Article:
I enjoyed Jim Meskimen's musing on turning 50 which he published on his big day yesterday.
I'm a fan of Jim, and that's where this relationship starts and ends. We have never met and are unlikely to, and we communicated by email a few times a decade ago. I have his three most accessible UK television appearances within my stack of VHS tapes in the loft.
He's an American actor, impressionist and, for the purposes of his smaller UK audience (me), an improviser. You movie buffs may recognise him from the big screen but as a cinema-avoider, I don't. I know him for one project only - he appeared on Whose Line Is It Anyway?, one of my biggest television loves, three times in the early 1990s when the series was taken to New York, still under its British banner, for a brace of special American seasons.
WLiiA? was compulsive Channel 4 viewing in the 90s, especially once it picked up pace after the first couple of series' and the Hat-Trick stalwarts like Rory McGrath and Jimmy Mulville were replaced by career improvisers from both sides of the pond.
Ten things you could always expect from the programme, then:-
1 - Colin Mochrie would faint, feign a heart attack, make up 'foreign' gobbledegook, change the subject entirely or, memorably on his debut, shout 'Instrumental!' in order to cover the fact that he couldn't find a final rhyme on any of the group songs.
2 - Josie Lawrence would be just awful.
3 - Tony Slattery would do something either gross or obscene for shock value, such as full-scale gobbing, swearing at Clive Anderson or revealing his genitals.
4 - Mike McShane would attain such levels of respect for his performance level that nobody would ever refer to his obesity, in jest or seriousness.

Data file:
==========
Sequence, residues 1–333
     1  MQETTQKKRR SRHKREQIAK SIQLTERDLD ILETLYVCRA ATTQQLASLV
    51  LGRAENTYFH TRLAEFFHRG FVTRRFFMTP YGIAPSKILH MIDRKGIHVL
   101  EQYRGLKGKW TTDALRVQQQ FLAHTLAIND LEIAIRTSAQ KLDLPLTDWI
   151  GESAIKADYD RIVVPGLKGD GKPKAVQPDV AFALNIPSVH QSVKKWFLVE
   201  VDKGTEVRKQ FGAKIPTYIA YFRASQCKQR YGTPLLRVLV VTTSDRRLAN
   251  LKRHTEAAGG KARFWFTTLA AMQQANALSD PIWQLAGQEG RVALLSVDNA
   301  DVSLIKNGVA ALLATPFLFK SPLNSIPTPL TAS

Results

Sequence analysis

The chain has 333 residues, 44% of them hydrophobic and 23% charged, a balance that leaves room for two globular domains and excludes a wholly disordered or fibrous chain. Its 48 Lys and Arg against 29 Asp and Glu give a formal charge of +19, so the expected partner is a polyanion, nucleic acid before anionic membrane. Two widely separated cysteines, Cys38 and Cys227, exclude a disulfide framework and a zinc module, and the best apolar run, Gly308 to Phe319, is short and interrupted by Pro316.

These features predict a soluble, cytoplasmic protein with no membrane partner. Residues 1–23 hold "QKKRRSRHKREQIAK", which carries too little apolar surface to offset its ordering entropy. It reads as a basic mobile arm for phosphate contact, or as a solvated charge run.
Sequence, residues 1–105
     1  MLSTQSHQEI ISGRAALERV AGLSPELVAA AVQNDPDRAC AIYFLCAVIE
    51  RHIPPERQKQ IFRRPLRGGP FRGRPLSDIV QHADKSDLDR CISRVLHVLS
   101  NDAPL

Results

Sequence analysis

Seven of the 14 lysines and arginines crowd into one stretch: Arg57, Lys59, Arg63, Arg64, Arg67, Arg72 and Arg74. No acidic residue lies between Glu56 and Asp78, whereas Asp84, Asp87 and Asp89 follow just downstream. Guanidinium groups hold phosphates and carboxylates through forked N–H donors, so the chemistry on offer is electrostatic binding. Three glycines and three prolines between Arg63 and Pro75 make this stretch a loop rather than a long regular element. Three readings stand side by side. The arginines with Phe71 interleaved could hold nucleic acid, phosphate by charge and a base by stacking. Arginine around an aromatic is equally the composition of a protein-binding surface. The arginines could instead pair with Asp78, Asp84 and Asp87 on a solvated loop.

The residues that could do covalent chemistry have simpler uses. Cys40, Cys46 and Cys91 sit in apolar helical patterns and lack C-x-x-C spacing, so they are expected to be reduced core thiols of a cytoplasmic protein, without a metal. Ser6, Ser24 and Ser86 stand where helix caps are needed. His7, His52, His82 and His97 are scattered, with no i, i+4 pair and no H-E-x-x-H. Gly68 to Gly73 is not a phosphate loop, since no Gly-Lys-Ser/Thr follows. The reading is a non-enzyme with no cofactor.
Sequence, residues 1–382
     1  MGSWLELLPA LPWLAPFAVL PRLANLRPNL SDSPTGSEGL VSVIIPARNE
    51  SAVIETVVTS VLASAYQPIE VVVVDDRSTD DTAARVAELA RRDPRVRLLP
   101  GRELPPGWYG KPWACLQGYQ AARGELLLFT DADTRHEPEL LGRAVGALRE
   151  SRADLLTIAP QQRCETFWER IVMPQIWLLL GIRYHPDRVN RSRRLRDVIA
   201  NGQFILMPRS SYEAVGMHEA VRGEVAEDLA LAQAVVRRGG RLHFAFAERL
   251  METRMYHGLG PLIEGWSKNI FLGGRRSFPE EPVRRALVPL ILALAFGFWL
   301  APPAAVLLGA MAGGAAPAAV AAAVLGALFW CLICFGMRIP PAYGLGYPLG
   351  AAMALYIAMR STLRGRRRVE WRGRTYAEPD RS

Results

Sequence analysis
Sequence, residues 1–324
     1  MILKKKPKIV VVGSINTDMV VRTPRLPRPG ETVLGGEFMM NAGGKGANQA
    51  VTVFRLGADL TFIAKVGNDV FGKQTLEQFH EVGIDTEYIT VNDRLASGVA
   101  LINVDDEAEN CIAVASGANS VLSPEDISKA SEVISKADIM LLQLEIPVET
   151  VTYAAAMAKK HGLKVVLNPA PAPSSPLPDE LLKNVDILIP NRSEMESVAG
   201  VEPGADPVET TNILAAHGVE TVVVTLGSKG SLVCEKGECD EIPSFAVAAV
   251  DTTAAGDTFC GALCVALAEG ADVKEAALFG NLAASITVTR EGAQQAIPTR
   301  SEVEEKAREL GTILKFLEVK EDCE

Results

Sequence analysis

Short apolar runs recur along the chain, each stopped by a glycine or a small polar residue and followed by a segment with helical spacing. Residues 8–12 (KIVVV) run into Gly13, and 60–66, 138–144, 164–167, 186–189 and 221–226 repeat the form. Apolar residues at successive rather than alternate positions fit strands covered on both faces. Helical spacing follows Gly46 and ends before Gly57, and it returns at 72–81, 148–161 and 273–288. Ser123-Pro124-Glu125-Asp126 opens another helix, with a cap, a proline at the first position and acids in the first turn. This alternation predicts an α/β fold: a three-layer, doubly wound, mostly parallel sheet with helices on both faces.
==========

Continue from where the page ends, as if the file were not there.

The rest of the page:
5 - Paul Merton would break the fourth wall and whinge to either Clive or the camera about something said during a game.
6 - Ryan Stiles would refer to an ex-wife in an unflattering context.
7 - Greg Proops would have words with Clive, usually on some faux Anglo-American difference of opinion, or just on the subject of the host's lack of hair or neck, or both.
8 - Steve Frost would wear something very loud.
9 - John Sessions would be uncomfortably dominant but capable of cracking up totally when someone funnier, usually Paul, came out with a punchline to all of his nonsense.
10 - Clive would ask the American participants if they "had" something in America, such as fridges, muggings and sport.
I cannot watch the US version which is shown sporadically on digital channels here. Drew Carey is too full of himself, making the show far more about the host's banter with the contestants than Clive would ever have dared, and the whooping and hollering of American audiences is as overbearing as you would expect. There was evidence of this when the New York episodes were filmed in the early 1990s, but with Clive in the chair at least he could puncture the overreactions with a pithy British putdown, which endeared him to everyone.
Jim did three of these episodes, and his Party Quirks were, in order, a tough Wall Street businessman ("You got a fax machine? I'm gonna need you!"), an old timer ("I remember when this house was just a barn!") and a boxing trainer ("Let me Vaseline your nose!"). He and his Interplay partner Christopher Smith, who appeared on each episode with him (the above clip is from their debut appearance), were polished performers who took the tough medium of improv to dramatic levels, while still prompting laughter for both recognition and actual gags.
And he was a songsmith too, with his talent for mimicry allowing him to make up a song about a spatula in the style of Sting ("You're one heck of a girl, scrape me up so gentle!") and a microwave oven in the style of Frank Sinatra ("My how you make, my how you make my coils glow!"). He even "won" two of his three outings, reading the credits in one as Popeye and another as Kevin Costner ("Stage manager was supposed to be Leveson, but look at this picture - does that look like Leveson to you?").
Jim himself would admit that he was peripheral on the show, and it remains a shame that he never got to perform in the UK for the UK WLiiA? audience. He also failed an audition for what his pal Christopher called the "Drew's Whose", which surprised me at the time and still surprises me to this day, though I recall Jim telling me on our brief round of correspondence that he was quite cool about the decision. Yet among the star names of the show like Ryan Stiles and Colin Mochrie (the two greatest improvisers of them all) and well-known British faces such as Tony Slattery and Steve Frost, I always remember Jim's contribution to WLiiA? with great fondness, possibly more than he does himself. I'm a fan, after all. As he says himself, roll on the next 50 years...